A Yazidi woman at a Hannover demonstration against Isis in August.

'We have to take care of Isis victims': minister

The government plans to set up a trauma centre for victims of a mass rape campaign by the Islamic State (Isis) militant group, Overseas Development minister Gerd Müller said on Monday. READ  

Adidas sells three million World Cup shirts
World Cup-winning manager Joachim Löw accepts the award at a gala in Baden Baden on Sunday Photo. DPA

Adidas sells three million World Cup shirts

Football fans have snapped up a total of more than three million replica kits of their world-cup winning heroes, Adidas announced, with much of that boost coming in the run-up to Christmas. The team were also honoured as Germany's "Sportsmen of the Year" on Sunday. READ  

Good news for your Christmas overdraft
Photo: DPA

Good news for your Christmas overdraft

Shoppers who go into the red on their bank account over the Yuletide period have received some early festive good news, with a plan to clarify Germany's complex rules on overdrafts. READ  

Amazon pledge: Xmas pressies will arrive
Striking Amazon workers outside a distribution centre in Leipzig on December 8th. Photo: DPA

Amazon pledge: Xmas pressies will arrive

Online retailer Amazon said on Monday that walkouts at distribution centres across the country wouldn't affect Christmas orders as the strike spread across Europe. READ  

Armed heist at Berlin's top department store
The aftermath of the raid at Berlin's luxury department store Photo: DPA

Armed heist at Berlin's top department store

Stunned shoppers looked on in horror as masked robbers made a daylight raid at Germany's most exclusive department store on the busiest shopping day before Christmas. READ  

Security tests find holes at Frankfurt airport
Security checks at Frankfurt airport in July 2014. Photo: DPA

Security tests find holes at Frankfurt airport

Weapons and dangerous objects were successfully smuggled through security checks 50 percent of the time at Frankfurt airport, in a probe by European Commission inspectors, it emerged on Sunday. READ  

Breakfast stumble costs Berlin giraffe her life
Kibaya before her fatal fall Photo: DPA

Breakfast stumble costs Berlin giraffe her life

One of Berlin Zoo’s most popular attractions has had to be put down, after tearing a muscle in her leg. READ  

RECEIVE OUR NEWSLETTER AND ALERTS
Gallery
Top 12 German idioms
Willy Brandt at his inauguration in 1972. Photo: DPA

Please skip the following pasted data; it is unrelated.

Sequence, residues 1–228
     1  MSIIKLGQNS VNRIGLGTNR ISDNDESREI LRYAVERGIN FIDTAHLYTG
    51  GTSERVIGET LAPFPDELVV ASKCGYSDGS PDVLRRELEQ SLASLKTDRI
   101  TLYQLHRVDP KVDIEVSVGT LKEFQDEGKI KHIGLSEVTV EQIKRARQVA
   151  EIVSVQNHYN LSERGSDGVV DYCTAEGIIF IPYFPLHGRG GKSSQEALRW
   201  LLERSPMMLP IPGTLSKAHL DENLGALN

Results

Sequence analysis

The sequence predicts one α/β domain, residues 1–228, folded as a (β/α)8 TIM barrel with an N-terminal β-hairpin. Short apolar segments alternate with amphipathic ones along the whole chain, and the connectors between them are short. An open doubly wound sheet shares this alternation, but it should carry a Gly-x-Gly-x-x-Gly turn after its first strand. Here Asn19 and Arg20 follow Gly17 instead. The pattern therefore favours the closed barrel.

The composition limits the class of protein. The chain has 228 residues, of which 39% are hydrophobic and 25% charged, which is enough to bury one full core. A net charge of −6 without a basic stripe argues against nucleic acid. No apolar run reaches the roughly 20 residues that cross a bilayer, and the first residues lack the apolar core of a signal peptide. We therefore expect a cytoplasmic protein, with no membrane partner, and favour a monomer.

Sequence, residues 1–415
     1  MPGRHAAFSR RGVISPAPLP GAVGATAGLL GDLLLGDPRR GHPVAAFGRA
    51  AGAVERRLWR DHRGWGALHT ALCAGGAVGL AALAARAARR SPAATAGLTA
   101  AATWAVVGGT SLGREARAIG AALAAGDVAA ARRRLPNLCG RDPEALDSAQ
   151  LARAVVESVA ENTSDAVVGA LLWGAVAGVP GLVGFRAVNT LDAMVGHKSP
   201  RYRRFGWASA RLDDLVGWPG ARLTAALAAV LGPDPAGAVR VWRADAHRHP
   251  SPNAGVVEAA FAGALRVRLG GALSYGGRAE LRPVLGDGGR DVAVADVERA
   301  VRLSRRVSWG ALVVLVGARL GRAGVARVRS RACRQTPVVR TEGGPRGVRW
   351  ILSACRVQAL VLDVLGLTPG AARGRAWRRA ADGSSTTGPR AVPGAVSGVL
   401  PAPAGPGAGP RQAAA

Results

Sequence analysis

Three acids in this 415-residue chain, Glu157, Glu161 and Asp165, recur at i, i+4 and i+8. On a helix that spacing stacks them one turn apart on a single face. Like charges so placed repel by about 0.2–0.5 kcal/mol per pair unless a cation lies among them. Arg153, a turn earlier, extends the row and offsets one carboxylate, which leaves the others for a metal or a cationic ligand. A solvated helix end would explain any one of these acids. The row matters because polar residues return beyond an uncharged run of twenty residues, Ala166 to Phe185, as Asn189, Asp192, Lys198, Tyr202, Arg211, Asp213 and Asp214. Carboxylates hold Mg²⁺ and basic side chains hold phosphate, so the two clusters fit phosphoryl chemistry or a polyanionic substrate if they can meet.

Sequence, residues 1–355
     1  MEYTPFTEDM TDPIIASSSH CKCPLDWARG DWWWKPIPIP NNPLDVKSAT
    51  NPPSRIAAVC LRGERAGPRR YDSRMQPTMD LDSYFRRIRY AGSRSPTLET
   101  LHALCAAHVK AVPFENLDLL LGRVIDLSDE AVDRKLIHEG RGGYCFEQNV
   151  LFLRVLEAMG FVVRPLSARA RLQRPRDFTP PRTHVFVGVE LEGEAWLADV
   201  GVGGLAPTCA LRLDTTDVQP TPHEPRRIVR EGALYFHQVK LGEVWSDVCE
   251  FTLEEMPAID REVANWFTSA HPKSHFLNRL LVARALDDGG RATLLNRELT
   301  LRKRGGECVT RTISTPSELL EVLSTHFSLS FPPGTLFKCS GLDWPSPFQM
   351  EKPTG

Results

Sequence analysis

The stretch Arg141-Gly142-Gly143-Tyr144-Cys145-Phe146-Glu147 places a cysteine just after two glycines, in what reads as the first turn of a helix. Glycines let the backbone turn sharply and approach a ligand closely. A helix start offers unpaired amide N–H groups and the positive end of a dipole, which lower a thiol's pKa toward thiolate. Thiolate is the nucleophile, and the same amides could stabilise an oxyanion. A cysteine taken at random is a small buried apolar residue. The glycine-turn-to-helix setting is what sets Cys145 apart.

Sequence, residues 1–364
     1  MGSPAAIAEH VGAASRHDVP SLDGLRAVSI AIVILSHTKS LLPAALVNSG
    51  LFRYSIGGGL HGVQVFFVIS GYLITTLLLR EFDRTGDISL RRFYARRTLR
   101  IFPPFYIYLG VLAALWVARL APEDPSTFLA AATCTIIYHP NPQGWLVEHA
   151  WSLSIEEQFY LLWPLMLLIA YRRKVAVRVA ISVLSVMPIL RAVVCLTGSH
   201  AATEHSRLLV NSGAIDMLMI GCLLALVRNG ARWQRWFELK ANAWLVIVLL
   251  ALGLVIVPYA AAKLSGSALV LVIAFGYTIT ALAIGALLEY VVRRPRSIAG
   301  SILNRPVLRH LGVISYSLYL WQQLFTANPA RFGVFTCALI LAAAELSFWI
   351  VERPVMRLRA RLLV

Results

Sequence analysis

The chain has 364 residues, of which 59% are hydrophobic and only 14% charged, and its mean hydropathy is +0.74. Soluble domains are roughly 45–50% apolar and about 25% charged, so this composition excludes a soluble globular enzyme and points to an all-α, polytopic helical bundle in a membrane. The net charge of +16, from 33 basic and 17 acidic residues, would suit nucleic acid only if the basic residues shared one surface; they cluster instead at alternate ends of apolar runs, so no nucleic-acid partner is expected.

National
Willy Brandt: the man, the chancellor... the airport?
Dresden skyline and river by night. Photo: DPA
Politics
What does Dresden have against Muslims?
Sponsored Article
Why are these International Baccalaureate students cheering?
Germany's national football team lifts the World Cup trophy
Gallery
Germany's most-Googled words of 2014
National
Why has The Local got a new logo?
Photo: DPA
National
This German was abducted and tortured by the CIA
Culture
10 top tips for partying in Germany
Sponsored Article
Top ten gifts for an expat Christmas
Photo: DPA
Technology
What does the Chancellor see as the future of the internet?
Photo: DPA
Culture
Stuff your face with these festive German cookies
Photo: DPA
Culture
What do beer, breakfast cereal and dildos have in common?
Culture
The Local's guide to German Christmas markets
Sponsored Article
Top five quirky Christmas jumpers
Photo: DPA
Culture
Get ready for Christmas like a German. We tell you how.
Photo: DPA
Munich
She did what with her dead mother?
Photo: DPA
National
Germany still paying for crisis fall out
Photo: DPA
Culture
Saxon wurst is the worst, Christmas market declares.
Photo: DPA
Politics
Can 'sorry' ever be enough for the Linke?
Photo: DPA
Berlin
The Local's series on 25 years since the fall of the Berlin Wall
Shutterstock
Sponsored Article
Offer: Unlimited airmiles through December 19th
Photo: DPA
Gallery
See how Berlin has changed in 22 photos
Photo: DPA
Business & Money
JobTalk: All you need to know about working in Germany
National
Share news tips with The Local Germany
Latest news from The Local in Austria

More news from Austria at thelocal.at

Latest news from The Local in Switzerland

More news from Switzerland at thelocal.ch

Latest news from The Local in Denmark

More news from Denmark at thelocal.dk

Latest news from The Local in Spain

More news from Spain at thelocal.es

Latest news from The Local in France

More news from France at thelocal.fr

Latest news from The Local in Italy

More news from Italy at thelocal.it

Latest news from The Local in Norway

More news from Norway at thelocal.no

Latest news from The Local in Sweden

More news from Sweden at thelocal.se

3,145
jobs available
The Local Spain is hiring!
The Local is seeking a new editor for our site in Spain to join our growing team of internationally-minded, driven, ambitious and clued-up journalists.
Details and how to apply
Toytown Germany
Germany's English-speaking crowd